The most common type of team meetings that could have been emails are these – status update meetings. There is no need for people to sit in an office for an hour listening to status updates that they could easily read about in an email.
Stephanie Young of Best Camping says that “by being strategic about the types of meetings you arrange, you may avoid having needless meetings. Meetings should not be used for updates or information dissemination that can be handled more efficiently through other means, such as email.”
Is the meeting going to have the same outcome even if you’re not there? If so, maybe you can skip it and focus on doing something more productive.
“You should attend a meeting when you think that your presence will affect the output, or you will gain knowledge by being there. Ask yourself, “Do I get the chance to put my point of view, or I get to sit idle?” If the meeting doesn’t meet the above two points, I suggest you not attend.” advises Mudassir Ahmed of ShoutoutStreet.
And this tip applies even if you’re invited. “Just because you’re on the meeting list doesn’t mean you should attend it.” says Chandra Prakash of Digimiles. “If possible, talk to your meeting moderator and identify if you have anything to present or you play a role in any decisions to be made. If the moderator confirms that your presence would make no effect except the attendance, ask to be excused from the meeting. This way, you can focus on achieving your targets and being productive.”
Also, by having a client tracking dashboard built it makes it easy for everyone to be kept updated on the status of individual client projects without the need to attend meetings they are not needed.
Alex Birkett of Jarvis says every meeting should have a clear goal and value. “You’ve got to ask yourself (and be honest), “what’s the value of this meeting?” And if it’s not obvious, chop it. You can always add it back on your calendar in the future.”
Olivia Tan of CocoFax also recommends skipping the meetings that have no clear objectives, even if they’re in your schedule.
In fact, companies that schedule too many fixed meetings ahead may be wasting their time. “I believe that attending a meeting is helpful only if you are trying to expand your business activities. Another scenario is when you are facing a big problem that needs a quick solution. Any other meeting that does not have a clear objective is a waste of time,” says Tan.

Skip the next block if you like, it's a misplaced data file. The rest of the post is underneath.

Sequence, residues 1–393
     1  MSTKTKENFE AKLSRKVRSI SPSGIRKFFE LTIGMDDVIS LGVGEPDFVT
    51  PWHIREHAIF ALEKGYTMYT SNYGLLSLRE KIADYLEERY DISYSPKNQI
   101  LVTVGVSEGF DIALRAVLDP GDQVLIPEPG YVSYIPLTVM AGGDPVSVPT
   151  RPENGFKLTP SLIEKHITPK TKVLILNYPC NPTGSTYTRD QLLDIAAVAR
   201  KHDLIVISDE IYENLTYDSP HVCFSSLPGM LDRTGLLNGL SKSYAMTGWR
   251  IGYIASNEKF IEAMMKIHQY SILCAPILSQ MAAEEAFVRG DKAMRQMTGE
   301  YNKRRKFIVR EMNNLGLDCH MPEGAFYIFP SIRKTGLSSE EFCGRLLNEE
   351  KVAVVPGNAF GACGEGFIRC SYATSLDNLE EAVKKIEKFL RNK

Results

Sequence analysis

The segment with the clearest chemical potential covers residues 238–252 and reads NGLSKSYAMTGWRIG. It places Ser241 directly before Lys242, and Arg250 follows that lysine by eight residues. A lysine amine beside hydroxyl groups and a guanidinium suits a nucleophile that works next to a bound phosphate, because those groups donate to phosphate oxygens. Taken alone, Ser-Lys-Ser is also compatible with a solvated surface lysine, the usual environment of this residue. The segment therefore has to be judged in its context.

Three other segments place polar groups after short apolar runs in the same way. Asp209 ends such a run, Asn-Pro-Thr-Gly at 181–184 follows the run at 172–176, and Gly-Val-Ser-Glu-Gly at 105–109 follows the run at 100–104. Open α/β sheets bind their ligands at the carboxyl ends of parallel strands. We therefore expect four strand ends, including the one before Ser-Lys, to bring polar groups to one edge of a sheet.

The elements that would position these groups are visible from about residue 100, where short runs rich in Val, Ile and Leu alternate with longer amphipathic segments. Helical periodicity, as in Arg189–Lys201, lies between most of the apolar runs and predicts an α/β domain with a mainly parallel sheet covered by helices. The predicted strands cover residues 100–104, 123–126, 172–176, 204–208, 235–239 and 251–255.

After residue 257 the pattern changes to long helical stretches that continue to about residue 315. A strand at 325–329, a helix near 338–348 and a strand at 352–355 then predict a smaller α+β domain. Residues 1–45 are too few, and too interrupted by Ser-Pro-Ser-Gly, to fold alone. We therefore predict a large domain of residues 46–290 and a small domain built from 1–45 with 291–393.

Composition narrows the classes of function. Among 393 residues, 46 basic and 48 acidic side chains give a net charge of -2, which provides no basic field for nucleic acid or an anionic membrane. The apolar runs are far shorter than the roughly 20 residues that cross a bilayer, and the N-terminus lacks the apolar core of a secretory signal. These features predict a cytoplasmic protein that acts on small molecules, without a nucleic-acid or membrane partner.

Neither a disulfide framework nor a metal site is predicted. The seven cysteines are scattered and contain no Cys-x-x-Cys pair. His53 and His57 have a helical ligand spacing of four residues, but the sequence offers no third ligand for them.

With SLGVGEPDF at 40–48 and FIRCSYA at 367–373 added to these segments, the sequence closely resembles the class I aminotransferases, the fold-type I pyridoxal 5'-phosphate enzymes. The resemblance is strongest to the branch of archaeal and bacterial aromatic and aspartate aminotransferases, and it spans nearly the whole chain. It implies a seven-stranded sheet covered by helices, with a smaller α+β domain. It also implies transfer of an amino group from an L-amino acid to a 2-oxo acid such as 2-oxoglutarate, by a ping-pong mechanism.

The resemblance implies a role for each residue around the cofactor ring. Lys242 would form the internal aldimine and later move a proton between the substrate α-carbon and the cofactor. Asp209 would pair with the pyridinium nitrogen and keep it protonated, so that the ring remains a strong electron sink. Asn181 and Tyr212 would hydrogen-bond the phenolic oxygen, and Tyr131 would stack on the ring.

“Some businesses have fixed meetings throughout the year. This system won’t help them as they already planned a meeting without even having a proper reason. In our company, we focus on improving our productivity by avoiding all the unnecessary team meetings. As a simple rule, we do not focus on scheduled meetings.”
Editor’s note: To understand how things are going, you shouldn’t have to wait for a reporting meeting, or have your whole team scramble to manually build a scorecard each week. Use Databox Scorecards instead to send or receive updates on your KPIs through email, mobile push notification, and/or Slack every day, week, or month.
Now that you know which meetings you should organize, how do you make them as effective as possible?
Here are eight actionable tips from our experts that can help you reduce meeting time and boost meeting productivity.
Daniel Foley of Daniel Foley SEO recommends setting a strict time limit as meetings sometimes tend to turn into a never-ending chat.
“Your employees’ time is valuable, so keep the meeting to one hour or less if possible. And, even if the agenda item isn’t finished, end the meeting on time. When you set firm time limitations for meetings, employees can better arrange their workday around them, knowing that they will be released on time. Additionally, meeting planners will be forced to limit their agendas to only the most important themes.” says Foley. Easily track the length of time spent attending meetings using this employee time tracking dashboard.
Best Tool’s Adam Harris tries to create a clear agenda for his meetings and distribute it in advance so everyone knows what they’re in for.